Hurricane Ridge is the only alpine area on the Olympic Peninsula that is plowed and accessible in winter. It is located 18.8 miles south of where Race Street intersects Route 101 in Port Angeles.
Located in an alpine meadow at 5,250 feet, Hurricane ridge is comprised of a visitor center, a large parking lot, and a very small alpine ski area with two rope tows and an ancient poma lift.
There are several go-to zones for backcountry skiing at Hurricane . They include Hurricane Hill, Maggies/Sunrise, and Klahhane ridge.
Hurricane Hill is accessed by a well traveled track starting at the west end of the parking lot. This tour involves a long relatively flat skin of about two miles, and then a gentle climb for three quarters of a mile from 5,120 feet to Hurricane Hill at 5,757 feet. On Hurricane hill, there are a multiple short descent options of varying steepness, typically about 500 vertical feet. On the skin in, there is a short section of SW facing side hill that should be avoided in higher avalanche or slick snow conditions by gaining the ridge to the NE.
Mid way on Hurricane Hill route, steep icy section to left, Hurricane Hill proper in background.
The summit of Hurricane Hill, with some of the steeper lines in the SE bowl visible. December 7, 2011.
Maggies/Sunrise is a zone accessible from a pull out on the road about a mile before the visitor center. You will be starting your upskin at between 4,500 and 4,700 feet and reach a ridge line between 5,300 and 5,450 feet. This is fairly low angle terrain in the first half of the skin, meadowed, with occasional stands of trees. As you work your way up to the ridge, which runs SW-NE from Hurricane parking lot toward Mt Angeles, there are sections that increase in angle to perhaps 30 degrees. This a wide zone, with lines off both the SE and NW side of the ridge., with the SE lines going back to the road, and the NW lines heading toward the ski area.
Klahhane Ridge differs from either Hurricane Hill or Maggies/Sunrise in that it is a more advanced tour, with more vertical, more avalanche danger, and more options for skiing late in the season (June+). The tour begins at the Switchback trail head, 2.7 miles before the Hurricane ridge parking lot, at an elevation of 4,400 feet.
This is an up, over, and back type tour. You start with a steep south facing climb of 1,650 vertical feet to gain Klahhane ridge at Victor pass, elevation 5,850. The trees are tight at the bottom, opening to steep meadows and a bit of scree at the top. The classic skin track follows the summer trail.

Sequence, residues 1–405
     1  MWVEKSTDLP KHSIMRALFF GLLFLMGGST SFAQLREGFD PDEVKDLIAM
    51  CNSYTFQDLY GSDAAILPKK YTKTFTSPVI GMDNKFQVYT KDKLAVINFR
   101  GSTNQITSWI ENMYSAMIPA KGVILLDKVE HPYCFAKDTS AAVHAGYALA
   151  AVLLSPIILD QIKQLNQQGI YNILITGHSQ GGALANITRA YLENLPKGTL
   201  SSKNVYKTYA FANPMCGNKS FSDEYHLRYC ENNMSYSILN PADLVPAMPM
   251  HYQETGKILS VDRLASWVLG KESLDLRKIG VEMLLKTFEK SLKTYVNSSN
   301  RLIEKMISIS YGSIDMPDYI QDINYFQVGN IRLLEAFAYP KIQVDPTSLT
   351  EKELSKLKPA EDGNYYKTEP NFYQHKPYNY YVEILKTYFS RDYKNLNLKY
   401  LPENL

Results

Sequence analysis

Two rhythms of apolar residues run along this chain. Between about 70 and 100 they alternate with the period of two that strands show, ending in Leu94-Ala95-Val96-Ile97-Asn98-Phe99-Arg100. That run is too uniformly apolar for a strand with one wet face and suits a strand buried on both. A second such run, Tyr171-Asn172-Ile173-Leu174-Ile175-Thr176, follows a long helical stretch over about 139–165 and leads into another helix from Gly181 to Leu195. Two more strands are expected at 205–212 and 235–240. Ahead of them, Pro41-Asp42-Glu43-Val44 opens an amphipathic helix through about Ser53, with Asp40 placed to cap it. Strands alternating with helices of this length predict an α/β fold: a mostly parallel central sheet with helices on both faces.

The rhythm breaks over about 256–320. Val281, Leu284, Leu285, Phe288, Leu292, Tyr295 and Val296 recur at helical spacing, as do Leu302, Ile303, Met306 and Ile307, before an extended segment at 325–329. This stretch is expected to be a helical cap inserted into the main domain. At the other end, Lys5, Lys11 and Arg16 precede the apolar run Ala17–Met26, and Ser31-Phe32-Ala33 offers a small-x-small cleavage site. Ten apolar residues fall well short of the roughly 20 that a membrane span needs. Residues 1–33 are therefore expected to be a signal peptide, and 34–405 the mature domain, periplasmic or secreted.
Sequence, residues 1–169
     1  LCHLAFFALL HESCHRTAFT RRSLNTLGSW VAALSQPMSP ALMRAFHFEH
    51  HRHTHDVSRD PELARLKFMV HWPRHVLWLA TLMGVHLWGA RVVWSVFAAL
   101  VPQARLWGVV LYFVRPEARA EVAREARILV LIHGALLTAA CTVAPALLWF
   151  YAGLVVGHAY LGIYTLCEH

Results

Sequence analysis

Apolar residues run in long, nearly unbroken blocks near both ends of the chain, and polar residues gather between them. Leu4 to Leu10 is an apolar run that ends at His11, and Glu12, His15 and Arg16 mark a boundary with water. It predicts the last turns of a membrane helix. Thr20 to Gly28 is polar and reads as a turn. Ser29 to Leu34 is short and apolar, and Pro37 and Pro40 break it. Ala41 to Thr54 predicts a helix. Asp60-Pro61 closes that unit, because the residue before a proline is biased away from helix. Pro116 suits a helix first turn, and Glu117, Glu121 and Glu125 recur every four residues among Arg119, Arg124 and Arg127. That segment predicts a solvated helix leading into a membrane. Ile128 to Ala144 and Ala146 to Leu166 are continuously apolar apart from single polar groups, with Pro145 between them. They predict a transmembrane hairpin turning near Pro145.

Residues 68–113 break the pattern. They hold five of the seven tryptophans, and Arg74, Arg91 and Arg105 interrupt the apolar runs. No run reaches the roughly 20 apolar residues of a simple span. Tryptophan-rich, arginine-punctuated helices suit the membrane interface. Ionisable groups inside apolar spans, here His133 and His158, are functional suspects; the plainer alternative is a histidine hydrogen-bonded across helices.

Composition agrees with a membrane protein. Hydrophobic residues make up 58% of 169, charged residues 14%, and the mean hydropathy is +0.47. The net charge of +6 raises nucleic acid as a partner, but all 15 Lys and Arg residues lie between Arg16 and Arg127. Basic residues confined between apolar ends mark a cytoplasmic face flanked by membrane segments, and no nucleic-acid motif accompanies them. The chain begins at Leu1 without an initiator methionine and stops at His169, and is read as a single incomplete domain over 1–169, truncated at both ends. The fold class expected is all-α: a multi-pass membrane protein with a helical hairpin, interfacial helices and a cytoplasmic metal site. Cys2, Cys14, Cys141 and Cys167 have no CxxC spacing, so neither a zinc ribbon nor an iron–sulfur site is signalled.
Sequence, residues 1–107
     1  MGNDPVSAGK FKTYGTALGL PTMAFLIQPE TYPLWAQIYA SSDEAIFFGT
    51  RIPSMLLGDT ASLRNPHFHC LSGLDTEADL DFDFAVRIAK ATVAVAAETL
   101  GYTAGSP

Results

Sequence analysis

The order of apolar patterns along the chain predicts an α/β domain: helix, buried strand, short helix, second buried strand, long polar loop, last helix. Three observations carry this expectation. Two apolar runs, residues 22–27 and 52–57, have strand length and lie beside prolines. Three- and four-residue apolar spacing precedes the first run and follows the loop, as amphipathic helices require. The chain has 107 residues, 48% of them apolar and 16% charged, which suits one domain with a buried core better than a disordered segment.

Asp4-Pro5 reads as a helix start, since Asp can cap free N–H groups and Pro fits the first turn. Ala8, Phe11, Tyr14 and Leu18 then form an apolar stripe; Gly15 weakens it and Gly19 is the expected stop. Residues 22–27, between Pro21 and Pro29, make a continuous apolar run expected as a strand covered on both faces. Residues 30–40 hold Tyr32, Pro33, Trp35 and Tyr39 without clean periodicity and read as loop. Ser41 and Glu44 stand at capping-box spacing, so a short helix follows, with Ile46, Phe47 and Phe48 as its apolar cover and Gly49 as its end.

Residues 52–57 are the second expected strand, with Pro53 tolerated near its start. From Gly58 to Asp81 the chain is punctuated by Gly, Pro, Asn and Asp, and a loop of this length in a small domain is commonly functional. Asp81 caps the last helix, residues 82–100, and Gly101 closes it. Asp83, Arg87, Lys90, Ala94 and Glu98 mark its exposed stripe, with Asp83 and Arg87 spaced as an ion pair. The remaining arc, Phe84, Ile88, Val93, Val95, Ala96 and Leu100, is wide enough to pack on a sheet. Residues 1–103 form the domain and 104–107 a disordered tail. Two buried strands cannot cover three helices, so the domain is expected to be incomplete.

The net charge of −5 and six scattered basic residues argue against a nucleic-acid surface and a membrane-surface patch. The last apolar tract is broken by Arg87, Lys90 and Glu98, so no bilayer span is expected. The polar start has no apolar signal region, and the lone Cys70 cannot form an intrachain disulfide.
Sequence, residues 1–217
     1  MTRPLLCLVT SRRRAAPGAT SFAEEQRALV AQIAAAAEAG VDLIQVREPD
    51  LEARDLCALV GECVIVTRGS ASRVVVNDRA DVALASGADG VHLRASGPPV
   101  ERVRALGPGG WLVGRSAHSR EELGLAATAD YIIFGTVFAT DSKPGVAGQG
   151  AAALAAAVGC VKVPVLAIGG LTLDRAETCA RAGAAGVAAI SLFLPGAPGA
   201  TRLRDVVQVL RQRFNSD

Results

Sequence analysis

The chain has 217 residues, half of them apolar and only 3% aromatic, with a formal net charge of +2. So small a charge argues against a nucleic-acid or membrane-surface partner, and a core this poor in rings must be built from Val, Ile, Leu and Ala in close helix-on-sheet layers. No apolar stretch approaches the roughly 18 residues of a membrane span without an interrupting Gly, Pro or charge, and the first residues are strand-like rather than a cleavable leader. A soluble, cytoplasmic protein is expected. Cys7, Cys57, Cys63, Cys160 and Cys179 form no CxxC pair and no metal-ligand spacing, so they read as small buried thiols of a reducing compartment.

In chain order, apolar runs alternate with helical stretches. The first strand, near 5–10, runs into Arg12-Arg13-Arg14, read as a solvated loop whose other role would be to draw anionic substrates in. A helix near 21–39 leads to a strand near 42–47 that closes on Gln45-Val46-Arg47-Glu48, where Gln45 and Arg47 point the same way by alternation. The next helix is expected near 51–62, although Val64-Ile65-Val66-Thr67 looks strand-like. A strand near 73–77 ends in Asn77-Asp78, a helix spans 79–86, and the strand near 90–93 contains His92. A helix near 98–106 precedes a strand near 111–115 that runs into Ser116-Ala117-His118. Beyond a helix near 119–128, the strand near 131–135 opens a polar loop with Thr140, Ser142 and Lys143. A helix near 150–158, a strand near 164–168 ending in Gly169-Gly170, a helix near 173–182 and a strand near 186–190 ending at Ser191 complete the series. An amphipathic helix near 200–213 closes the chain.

The ridge itself, sitting at roughly 6,000 feet of elevation, runs in a SW NE direction from Mt. Angeles (Elevation 6,453 feet) to Rocky Peak (6,218 feet). From the ridge, looking NE you have a stunning view of the bowl you are about to ski, the Strait of Juan de Fuca, and Mt. Baker in the distance.
View of Klahhane ridge on April 7, 2016
The most impressive skiing is on the north to northwest side of the ridge. This is all open, alpine bowl and chute type skiing. The most popular run is directly down from the saddle where the summer trail crosses. This area, known as Victor pass, has a 25-30 degree entry, then flattens out to lower angle skiing, before rolling into a steeper chute/scree field area, terminating at treeline at the 4,700 foot level.
Overview of steeper N side terrain with Victor Pass to left, May 26, 2017
There are multiple other north facing options off Klahhane ridge, mainly of the steep chute variety. One of the most prominent, which I’ve named “Loneman chute”, a play on words of the more famous Stoneman chute at Mt Baker, is an impressive ramp of 35-40 degree skiing, totaling perhaps 1,400 feet of vertical.
View of “Loneman” chute, May 26, 2017
The time of year and snow conditions profoundly effect this tour. It can be done during deeper pre-season events in November, in mid-winter, in spring, or as a carry-to-ski just the north side in June or early July.
In mid-winter, it is critical to pick days with stable snowpack. The south side is plenty steep to slide in multiple areas. The north side may have wind-slab, and has a lot of overhead exposure in the lower areas.
In spring, the south side approach may be extremely firm in the AM, requiring ski or even boot crampons.